The sculptural part of the exhibition culminated with the selection of ten scrolls and artist books, from the 1980s to the present, placed on a long, narrow shelf—an echo of the text on the opposite wall. Finally, two isolated galleries in the back of the main space were dedicated to Vicuña’s media works. One featured a three-channel video installation, La Noche de las Especies (2009), the poetic evocation of an underwater landscape animated by Robert Kolodny based on the artist’s drawings; the other gallery showed a selection of six videos from the last five years. These films foreground the artist’s manual labor and reiterate the generative potential of her tactile and haptic engagement with the world. We see Vicuña pull tiny objects from a coffee can, lay them out on the table, and assemble a “new creature.” We see her roam autumnal woods, collecting berries, pods, seeds, and nuts. The sound from the videos seeped into the main gallery, which powerfully resonated with a gurgling chant and high-pitched hum emanating from the films Skeleton Quipu (2014) and Semiya/Seed Song (2015), respectively.
For an exhibition promoted as Vicuña’s “most complete presentation to date,” however, there were many notable gaps. There were few traces of Vicuña as a performer or political activist whose foundational role in the London-based movement Artists for Democracy in the 1970s was celebrated in her native country with an exhibition at the Museo de la Memoria y los Derechos Humanos and the Museo Nacional de Bellas Artes in Santiago de Chile in 2014. More importantly, perhaps, Vicuña the painter was completely invisible. Absent were her humorous figurative canvases from the 1970s executed in a willfully “naïve” style meant to evoke popular and folkloric traditions of Latin America (perhaps due to their inclusion in Documenta 14). This decision seemed congruent with the curators’ aims to position Vicuña as a precursor of so-called dematerialization and, as asserted by the introductory wall text, to reposition dematerialization itself as “a formal consequence of radical climate change.” However, for an artist who has always insisted on the importance of her ancient ancestral roots and indebtedness to the political and cultural mobilization in Chile of the Allende era, this was a problematic choice that—together with an exhibition design that eschewed historical contextualization—risked erasing the particularities of Vicuña’s tactile vision.
There is much at stake in this long-overdue presentation of Vicuña’s work, which has stitched together continental divides and political ruptures for five decades. The exhibition comes at a moment when the canon of Latin American modern and contemporary art forged by US and Eurocentric discursive networks has consolidated according to the Constructivist and Neo-constructivist paradigm articulated along the Atlantic coast of Latin America, from Argentina to Venezuela, with an epicenter in Brazil.2 Such a canon asserts the genealogy of conceptualist, participatory, and relational artistic practices in Latin America in geometric abstraction and, implicitly, in a distinctly European lineage. While Vicuña’s work might well advocate for a sort of a planetary consciousness in the face of ongoing global ecological catastrophe, it nonetheless circulates in a geopolitical and cultural landscape defined by vast imbalances of power. Hence, the question is how to show, frame, and articulate the practices of such artists as Vicuña or, for example, the generation-older Peruvian artist and poet Jorge Eduardo Eielson (1924–2006). Like Vicuña, Eielson was an exile from his Andean homeland who sought a lifeline for his work—as well as the means of resistance to capitalist-colonialist domination—in quipus and other indigenous traditions. In the CAC exhibition, Vicuña’s works, deprived of textual anchors to link them to their cultural roots, verged on being defanged (not to mention stripped of their particular sense of humor) and recast as elegant exercises in the so-called poor aesthetic. Thankfully, the artist’s book accompanying the show opens with an autobiographic statement: “My art was born at the meeting point of two waters, the Aconcagua River and the Pacific Ocean” (6), thus serving as an important authorial corrective to the curators’ approach.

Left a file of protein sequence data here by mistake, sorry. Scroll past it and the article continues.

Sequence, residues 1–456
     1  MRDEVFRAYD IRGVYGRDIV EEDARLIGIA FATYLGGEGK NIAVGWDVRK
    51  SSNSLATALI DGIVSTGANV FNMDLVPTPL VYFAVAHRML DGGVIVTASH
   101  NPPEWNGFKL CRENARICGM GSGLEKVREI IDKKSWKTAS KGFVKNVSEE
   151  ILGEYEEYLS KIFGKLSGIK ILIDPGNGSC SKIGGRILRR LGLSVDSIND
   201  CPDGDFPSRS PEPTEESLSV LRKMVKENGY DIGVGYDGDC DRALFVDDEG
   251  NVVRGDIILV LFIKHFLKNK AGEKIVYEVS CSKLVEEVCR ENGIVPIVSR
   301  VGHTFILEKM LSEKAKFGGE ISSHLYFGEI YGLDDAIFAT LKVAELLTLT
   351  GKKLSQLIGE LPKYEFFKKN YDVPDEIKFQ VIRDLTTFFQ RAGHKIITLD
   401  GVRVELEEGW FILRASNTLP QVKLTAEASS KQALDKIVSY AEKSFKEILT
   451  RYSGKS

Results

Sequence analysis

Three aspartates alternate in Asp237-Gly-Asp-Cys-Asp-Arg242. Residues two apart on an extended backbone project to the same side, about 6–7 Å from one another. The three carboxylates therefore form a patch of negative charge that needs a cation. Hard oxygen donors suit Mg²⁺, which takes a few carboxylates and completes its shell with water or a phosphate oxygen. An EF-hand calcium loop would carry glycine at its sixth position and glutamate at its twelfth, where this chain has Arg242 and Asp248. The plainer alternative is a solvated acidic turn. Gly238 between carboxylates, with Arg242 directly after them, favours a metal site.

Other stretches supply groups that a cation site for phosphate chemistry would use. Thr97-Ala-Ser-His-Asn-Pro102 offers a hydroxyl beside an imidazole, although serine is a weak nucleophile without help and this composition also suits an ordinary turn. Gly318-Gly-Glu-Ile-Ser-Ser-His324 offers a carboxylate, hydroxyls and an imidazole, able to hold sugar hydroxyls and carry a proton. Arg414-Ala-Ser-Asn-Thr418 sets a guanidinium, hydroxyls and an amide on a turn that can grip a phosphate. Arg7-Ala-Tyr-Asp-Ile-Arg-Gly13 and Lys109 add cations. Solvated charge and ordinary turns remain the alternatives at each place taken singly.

Still, Vicuña’s work insists on a connective power of touch. This power is perhaps most vividly embodied in a small book, We, the People (2016), that was tucked away at the end of the long shelf of books and scrolls. Traced with a red pencil in blocky cursive, the title phrase fills the scroll of a raw, unhemmed canvas. Like tubes that infuse a wounded body with blood, red threads weave in and out of the fabric, connecting the strokes, ears, and shoots of the letters. Their loose ends tangle up into a web around the declarative mini-banner that the scroll epitomizes. On view during the United States’ volatile summer of 2017, We, the People seemed to suggest that to sever ties might be suicidal, no matter the risks involved.
1. The full text reads in Spanish: “La luz de un sonido, o el sonido de una luz? Era su no ser nada aún, su ‘not yet’ lo que me atraía. Su ser ‘casi’ un borde, un ‘a punto de suceder.’ En esa cualidad me mantenía, buscando una forma antes de la forma. La forma no nacía de una idea. Era la idea desvaneciéndose. Al nacer, el ‘no’ la comprendía, dejándola ser en su deshacer. Un poema buscando su ser, el quasar sino el sueño de sonar.”
2. As manifested by three scholarly volumes: Elena Shtromberg, Art Systems: Brazil and the 1970s (Austin: University of Texas Press, 2016); Irene V. Small, Hélio Oiticica: Folding the Frame (Chicago: University of Chicago Press, 2016); and Mónica Amor, Theories of the Nonobject: Argentina, Brazil, Venezuela, 1944–1969 (Berkeley: University of California Press, 2016)—and multiple retrospective exhibitions by Brazilian artists, most recently, Hélio Oiticica: To Organize Delirium, organized by the Carnegie Museum of Art, Pittsburgh (October 1, 2016–January 2, 2017); Art Institute of Chicago (February 18–May 7, 2017); and Whitney Museum of American Art, New York (July 14–October 1, 2017).
PhD candidate, Art and Art History, University of Texas at Austin